The next thing I try to do is to make the project experience as rich as a real world experience. For example, in our book publishing process, part of the marketing and selling phase involves a book signing gala where the authors are available for autographs and photographs. We invited the local media and have had a professional caterer volunteer to cater our event. (Nothing like a black tie event with first graders I always say.) I try to talk to professionals in the field of the business that we are simulating. I ask them to interface with our students if possible. For example last year we grew flower plants from seeds under grow lights in our room. That spring we took a field trip to a local greenhouse and the owner took us through the different aspects of her business. You should have seen how proud our students were when she demonstrated on a large scale what they were doing on a small scale in our classroom! My class felt more like fellow business owners than students at that point.

Along with the conceptual decision of what the project will be about, there are a number of nuts and bolts decisions you will need to consider:

  • How long do you want your project to take? How many in-school hours could you dedicate? How many hours before or after school?
  • Who might your potential customers be?
  • How will you promote your business?
  • How much would the start-up costs of the business be? And where are you going to get those funds? Not all businesses have to be costly or time intensive. Two years ago my class studied three readers’ theaters that we performed at a little show. We charged a small admission price but the up-front cost was nothing. In addition, the two weeks that we spent learning our scripts was done during our language arts time and fulfilled the goals of reading fluency, so no class time was lost). I took the students two at a time around the school with a digital camera. I did this during their recess time. Every student took photos of what they thought was visually interesting in our school. I printed them off on the school’s black and white printer and matted them on black construction paper. I made a photo display outside our classroom entitled, “A View of Our School.” After the play the audience was invited to a punch reception held in front of the photo display. They were encouraged to make a donation for any prints that they wanted. The entire project only cost me a pack of black construction paper but we raised $126. It only took about two weeks of concentrated effort. I hope this reassures you that every project does not need to be high in resource cost.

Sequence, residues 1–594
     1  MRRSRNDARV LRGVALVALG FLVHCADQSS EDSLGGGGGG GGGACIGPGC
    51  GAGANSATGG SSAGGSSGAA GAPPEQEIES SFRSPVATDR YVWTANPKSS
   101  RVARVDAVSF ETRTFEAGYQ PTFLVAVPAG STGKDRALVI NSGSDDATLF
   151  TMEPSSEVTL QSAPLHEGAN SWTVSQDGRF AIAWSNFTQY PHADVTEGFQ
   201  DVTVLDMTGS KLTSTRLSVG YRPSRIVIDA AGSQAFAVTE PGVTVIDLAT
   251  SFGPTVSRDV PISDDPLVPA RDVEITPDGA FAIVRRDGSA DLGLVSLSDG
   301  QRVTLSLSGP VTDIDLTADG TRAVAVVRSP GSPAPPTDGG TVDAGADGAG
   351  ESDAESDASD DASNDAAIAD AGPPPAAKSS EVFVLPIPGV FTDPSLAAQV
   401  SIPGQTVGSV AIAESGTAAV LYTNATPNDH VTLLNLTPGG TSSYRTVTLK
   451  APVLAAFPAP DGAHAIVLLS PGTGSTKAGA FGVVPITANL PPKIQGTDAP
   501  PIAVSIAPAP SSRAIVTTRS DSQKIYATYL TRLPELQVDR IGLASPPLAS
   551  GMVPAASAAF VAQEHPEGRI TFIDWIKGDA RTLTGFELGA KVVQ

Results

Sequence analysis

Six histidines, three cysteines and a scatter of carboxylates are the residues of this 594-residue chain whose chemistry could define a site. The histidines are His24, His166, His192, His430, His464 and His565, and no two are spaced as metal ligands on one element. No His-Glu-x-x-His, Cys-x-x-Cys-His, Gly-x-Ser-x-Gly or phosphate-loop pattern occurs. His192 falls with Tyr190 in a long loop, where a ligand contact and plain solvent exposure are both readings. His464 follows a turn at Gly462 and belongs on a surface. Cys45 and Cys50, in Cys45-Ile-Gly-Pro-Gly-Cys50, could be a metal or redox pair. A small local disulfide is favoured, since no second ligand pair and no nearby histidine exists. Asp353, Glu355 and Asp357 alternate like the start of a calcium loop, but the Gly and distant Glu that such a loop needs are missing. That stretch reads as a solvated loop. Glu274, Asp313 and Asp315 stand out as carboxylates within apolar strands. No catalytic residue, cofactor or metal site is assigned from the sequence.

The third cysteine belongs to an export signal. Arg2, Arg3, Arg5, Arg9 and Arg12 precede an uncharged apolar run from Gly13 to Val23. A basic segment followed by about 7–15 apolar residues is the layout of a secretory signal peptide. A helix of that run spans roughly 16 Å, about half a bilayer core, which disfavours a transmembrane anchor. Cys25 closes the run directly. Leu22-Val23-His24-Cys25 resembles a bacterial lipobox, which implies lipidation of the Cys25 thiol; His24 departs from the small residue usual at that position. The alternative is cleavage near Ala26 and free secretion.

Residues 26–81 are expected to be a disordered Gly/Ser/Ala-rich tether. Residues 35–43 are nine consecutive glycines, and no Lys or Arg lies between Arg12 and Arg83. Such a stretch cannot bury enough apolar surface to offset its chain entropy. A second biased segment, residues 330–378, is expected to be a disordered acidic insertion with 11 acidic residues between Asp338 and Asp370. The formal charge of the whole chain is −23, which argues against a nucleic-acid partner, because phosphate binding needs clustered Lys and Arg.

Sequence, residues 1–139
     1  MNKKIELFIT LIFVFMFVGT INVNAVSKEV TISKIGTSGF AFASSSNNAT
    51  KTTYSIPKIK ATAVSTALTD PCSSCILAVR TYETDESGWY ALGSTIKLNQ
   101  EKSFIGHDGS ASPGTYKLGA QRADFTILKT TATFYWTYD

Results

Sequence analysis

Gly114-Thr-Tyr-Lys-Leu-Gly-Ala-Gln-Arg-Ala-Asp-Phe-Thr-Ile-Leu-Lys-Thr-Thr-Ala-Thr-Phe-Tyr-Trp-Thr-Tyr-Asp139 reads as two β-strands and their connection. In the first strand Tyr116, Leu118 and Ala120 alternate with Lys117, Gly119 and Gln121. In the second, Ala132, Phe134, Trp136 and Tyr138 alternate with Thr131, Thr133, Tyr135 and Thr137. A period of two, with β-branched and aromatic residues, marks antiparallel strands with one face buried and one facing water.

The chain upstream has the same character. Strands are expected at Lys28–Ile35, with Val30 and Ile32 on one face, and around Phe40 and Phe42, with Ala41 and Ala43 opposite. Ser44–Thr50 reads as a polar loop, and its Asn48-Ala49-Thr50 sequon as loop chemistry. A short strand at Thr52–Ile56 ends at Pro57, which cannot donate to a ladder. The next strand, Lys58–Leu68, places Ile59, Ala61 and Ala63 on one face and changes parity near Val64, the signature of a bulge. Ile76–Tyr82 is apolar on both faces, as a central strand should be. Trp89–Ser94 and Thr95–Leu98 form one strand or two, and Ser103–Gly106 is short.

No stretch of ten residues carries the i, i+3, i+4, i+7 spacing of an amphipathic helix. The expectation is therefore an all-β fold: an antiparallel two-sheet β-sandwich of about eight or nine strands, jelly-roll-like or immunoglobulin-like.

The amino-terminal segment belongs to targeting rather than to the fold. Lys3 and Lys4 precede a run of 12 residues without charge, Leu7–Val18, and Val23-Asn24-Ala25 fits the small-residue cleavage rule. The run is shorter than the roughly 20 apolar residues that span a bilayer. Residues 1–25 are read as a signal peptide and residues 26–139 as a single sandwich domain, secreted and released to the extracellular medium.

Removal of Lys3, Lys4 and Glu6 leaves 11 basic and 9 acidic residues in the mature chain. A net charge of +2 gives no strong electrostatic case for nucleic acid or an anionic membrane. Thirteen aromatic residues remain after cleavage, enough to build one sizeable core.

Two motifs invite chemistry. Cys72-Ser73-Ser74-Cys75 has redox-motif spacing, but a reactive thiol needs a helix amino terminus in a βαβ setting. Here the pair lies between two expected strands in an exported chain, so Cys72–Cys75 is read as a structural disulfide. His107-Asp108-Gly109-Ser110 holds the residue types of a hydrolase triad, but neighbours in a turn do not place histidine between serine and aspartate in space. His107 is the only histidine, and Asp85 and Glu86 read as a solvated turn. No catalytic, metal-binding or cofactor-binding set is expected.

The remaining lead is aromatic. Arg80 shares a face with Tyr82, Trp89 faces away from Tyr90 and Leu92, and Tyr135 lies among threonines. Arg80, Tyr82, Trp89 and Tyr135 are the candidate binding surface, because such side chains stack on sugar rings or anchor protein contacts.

Have fun with these projects. The students will make some poor decisions along the way. So will you. Remember that once you and your students recognize a mistake for what it is, you will be able to learn from it. Solving those problems along the way adds greatly to your students’ self-confidence and their willingness to try new things in life. By providing opportunities to make intelligent choices, accurately weigh costs and benefits, and carefully examine the consequences (short- and long-term), your students will be well on the way toward sound decision making. Doing so in the relatively protected environment of a school will allow them the practice they need to grow into informed, engaged citizens, and to be contributors to the common good.

-Submitted by Beth Vander Kolk, Grand Rapids, MI